(I wonder if they have anything on the theme music to the"All-Electric Magic Lantern Moving Picture Show")

01/18/04: Stephanie's Banana-project buddy Diane came over yesterday, and we went to the show and saw "Big Fish". We went to the matinee and got there as the coming attractions were showing, so we had to sit in the third row. Now, when I used to go to the show a lot, we always would sit in the first couple rows, but that was in the good old days of big screens in big theaters, where the screen was set back a little from the front row. Now, with these megaplexes trying to make use of every inch of real estate, sitting in the first couple rows is almost like going to see an IMAX film, where the screen fills your peripheral vision. It was the first time I can remember having to turn my head back and forth to follow a conversation on-screen. And there were a couple scenes were I couldn't really tell if the camera angle was odd, or if it appeared that way because we were sitting so close. But the movie itself...

Wow.

It's hard to describe the overall plot without making it sound very sad. A son receives a call that his estranged father is dying, so he and his wife return to his childhood home so that he could try to reconnect with his father, and to get some perspective on parenthood, as his wife is about to give birth to their first child. The father was a traveling salesman, so was rarely home when the son was growing up. And when he was home, he told the most fantastic stories about his travels, about enormous fish and mysterious towns and giants. The son was always embarrassed by these stories, and wants to know the truth before his father passes away.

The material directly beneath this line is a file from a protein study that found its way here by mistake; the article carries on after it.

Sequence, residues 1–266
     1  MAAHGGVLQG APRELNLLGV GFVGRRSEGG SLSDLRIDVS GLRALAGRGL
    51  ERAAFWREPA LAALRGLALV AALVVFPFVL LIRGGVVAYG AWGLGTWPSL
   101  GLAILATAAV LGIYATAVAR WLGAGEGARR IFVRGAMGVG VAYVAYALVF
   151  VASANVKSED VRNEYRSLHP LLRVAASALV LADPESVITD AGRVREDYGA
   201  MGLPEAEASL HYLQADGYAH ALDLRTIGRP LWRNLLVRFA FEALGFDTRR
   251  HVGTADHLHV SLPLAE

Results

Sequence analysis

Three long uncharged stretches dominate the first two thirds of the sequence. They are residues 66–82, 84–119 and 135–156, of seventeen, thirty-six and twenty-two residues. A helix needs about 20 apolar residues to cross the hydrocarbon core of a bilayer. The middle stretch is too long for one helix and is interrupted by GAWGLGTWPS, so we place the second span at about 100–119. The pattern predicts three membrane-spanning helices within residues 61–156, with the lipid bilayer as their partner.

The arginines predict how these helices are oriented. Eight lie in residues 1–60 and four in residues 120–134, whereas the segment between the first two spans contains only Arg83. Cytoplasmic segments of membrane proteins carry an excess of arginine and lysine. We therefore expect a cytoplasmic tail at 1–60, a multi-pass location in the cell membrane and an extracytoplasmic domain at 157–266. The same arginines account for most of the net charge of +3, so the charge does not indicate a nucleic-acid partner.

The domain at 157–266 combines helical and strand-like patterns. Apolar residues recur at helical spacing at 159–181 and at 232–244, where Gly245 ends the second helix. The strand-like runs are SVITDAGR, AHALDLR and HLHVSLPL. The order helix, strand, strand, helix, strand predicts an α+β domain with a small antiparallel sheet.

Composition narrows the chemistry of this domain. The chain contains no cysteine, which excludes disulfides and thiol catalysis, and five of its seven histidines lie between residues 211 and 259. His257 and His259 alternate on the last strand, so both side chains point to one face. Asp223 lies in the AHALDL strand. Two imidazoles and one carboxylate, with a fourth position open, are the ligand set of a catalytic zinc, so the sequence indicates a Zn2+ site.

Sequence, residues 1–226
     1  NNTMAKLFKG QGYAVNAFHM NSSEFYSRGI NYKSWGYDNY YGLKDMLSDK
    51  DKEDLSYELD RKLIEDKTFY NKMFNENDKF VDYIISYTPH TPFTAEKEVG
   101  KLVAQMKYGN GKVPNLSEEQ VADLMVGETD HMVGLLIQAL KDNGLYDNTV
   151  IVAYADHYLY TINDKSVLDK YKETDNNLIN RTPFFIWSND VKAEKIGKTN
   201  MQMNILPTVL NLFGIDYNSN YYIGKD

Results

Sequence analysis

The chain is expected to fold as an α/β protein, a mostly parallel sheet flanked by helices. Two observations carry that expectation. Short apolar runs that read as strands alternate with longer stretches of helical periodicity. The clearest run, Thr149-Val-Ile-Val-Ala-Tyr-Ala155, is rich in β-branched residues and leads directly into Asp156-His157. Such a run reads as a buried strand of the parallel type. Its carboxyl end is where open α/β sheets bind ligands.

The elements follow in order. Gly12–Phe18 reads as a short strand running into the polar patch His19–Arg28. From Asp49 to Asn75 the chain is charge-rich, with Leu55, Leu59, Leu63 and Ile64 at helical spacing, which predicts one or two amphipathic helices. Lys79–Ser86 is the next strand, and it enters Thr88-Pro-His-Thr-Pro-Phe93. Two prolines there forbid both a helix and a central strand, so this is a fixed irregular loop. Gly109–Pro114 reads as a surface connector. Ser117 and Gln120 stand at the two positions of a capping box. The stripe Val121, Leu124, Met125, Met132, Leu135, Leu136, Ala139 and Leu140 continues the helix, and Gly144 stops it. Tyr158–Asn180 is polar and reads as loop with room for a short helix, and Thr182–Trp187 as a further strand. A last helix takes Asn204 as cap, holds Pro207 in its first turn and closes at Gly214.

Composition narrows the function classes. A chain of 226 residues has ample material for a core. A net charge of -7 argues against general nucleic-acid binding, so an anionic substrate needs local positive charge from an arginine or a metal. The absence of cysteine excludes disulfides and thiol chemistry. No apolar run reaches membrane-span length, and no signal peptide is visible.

The sad scenes, where the son stubbornly refuses to believe anything his father says, are offset by the scenes of the father's stories, which are full of the fantastic imagery that you would expect from a Tim Burton movie. Some of the scenes are touching, some are downright hilarious, but all are entertaining as we follow the father from his birth, right up to the end. I can't remember the last time I heard so much sniffling in the theater at the end of a movie. This was one of the best films I have seen in a long time, and I think it's one that's probably best seen on the big screen (just not from the first three rows.) I highly recommend it.